Evangelicals should denounce Christian nationalism throughout Capitol riots
(RNS) – The startling events in Washington on Wednesday (January 6) were shocking, not only because of the scenes of illegal rioters in the U.S. Capitol, but also because of the sight of people waving flags and crosses in the name of Jesus and President Donald Trump. It was another bold move for some who have traded harmful Christian ideals for false white Christian nationalism.
As evangelicals, we must recognize, confess, and deplore our role in order for Christian nationalism to fuel these types of actions.
According to social science studies we’ve done, fear is a likely answer to why some evangelicals have accepted a politically motivated gospel substitute that runs counter to the teachings of Christ. Part of what we saw during the riots were Christian nationalists taking action against people who, because of their feelings of insecurity, perceive them to be “outsiders” or “different” from themselves.
CONNECTED: Take seriously the white Christian nationalist symbols of the Capitol uprising
Studies have shown that in-group and outside-group differences are more likely to become bloated when groups feel threatened. Although social psychologists have discovered that this is a common form of self-protection, it is linked to higher levels of fear, bias, prejudice, and tribalism. It is too often a scapegoat for those – like refugees and immigrants – for whom Christians have a biblical reputation to care. However, it is not enough to understand the causes of what happened. Too many evangelicals have accepted or ignored a movement fueled by misinformation and lies.
What happened in the Capitol was a culmination of those lies.
Support or silence about Christian nationalism damages not only our democracy but also the witness of the church. Influential evangelical pastor Tim Keller shared: “For Christians, it is really idolatry to only fully associate with one party or the other. … It also reduces the gospel to a political agenda. “This week it finally led to chaos in our government rooms.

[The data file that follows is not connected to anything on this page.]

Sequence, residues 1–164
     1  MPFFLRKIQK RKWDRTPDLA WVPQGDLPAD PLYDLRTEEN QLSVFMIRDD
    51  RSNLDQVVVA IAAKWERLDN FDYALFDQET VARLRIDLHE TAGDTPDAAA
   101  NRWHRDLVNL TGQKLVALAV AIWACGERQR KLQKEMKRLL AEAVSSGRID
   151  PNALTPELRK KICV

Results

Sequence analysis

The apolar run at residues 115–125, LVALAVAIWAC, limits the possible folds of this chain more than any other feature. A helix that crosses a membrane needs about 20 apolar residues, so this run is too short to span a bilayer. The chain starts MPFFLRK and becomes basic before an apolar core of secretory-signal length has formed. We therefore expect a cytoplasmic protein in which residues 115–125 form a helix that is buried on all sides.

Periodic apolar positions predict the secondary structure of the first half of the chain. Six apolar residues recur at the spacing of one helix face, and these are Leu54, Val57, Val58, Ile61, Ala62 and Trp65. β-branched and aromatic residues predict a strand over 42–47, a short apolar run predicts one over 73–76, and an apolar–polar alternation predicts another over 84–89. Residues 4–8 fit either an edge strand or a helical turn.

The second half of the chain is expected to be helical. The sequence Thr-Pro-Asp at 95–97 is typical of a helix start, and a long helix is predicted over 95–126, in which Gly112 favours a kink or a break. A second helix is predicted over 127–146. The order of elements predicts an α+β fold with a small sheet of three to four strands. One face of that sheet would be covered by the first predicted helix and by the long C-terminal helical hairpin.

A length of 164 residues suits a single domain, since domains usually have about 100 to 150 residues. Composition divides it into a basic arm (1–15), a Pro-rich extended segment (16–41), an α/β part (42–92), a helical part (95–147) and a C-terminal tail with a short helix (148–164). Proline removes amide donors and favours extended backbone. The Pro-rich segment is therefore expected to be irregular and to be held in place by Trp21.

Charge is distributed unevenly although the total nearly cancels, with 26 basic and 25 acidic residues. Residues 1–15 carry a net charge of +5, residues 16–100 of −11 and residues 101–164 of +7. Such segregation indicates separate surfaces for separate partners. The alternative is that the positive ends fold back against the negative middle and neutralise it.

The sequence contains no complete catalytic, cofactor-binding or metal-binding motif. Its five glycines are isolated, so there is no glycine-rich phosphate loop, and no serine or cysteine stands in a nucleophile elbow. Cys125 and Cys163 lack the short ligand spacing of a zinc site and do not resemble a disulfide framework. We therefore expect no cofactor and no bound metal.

In a climate of fear and misinformation, evangelicals must commit to receiving and sharing the best information available. As people who follow whoever said of himself, “I am the way, the truth and the life,” we must commit to seeking the truth and rejecting lies, even and perhaps especially when it is impractical.
As evangelicals, we must respond by praying, speaking, and acting in ways that testify to the hope and faith we hold onto in Christ – not in a leader or political party. We must speak out not only against today’s unrest, but also against the ideologies, beliefs, hatred, racism, scare tactics, misogyny, bigotry, white privilege, xenophobia, oppression and other injustices. We must correct a dynamic in which biblical foundations are so clearly compromised.
CONNECTED: How the shofar became a weapon of spiritual warfare for some evangelicals
Don’t get us wrong: we are in no way suggesting that evangelicalism equals Christian nationalists. Since we are evangelicals ourselves, we know that evangelicals can show a deep spiritual commitment to the Christian faith and still hold very different political beliefs and choose differently.
But all evangelicals must ask themselves whether our actions promote unity or division, as the apostle Paul admonished in his letter to the Ephesians: “Strive to maintain the unity of the Spirit through the bond of peace.” Our unity must reaffirming Christ’s call to love our neighbors, including those with whom we disagree. The scriptures should teach us to regularly care for the widow, orphan, hungry, and migrant and not to hate our neighbors.
Regardless of our politics or who holds a political office, we must remember, as the Gospel of John teaches, that our ultimate hope is in the kingdom of God and is out of place when given to Caesar.
(Jamie Aten is the founder and executive director of the Humanitarian Disaster Institute at Wheaton College. Follow @drjamieaten on Twitter or visit jamieaten.com. Kent Annan is the director of Humanitarian & Disaster Leadership at Wheaton College. Follow us on Twitter at @kentannan or visit kentannan.com. The views expressed in this comment do not necessarily reflect those of the Religion News Service.)
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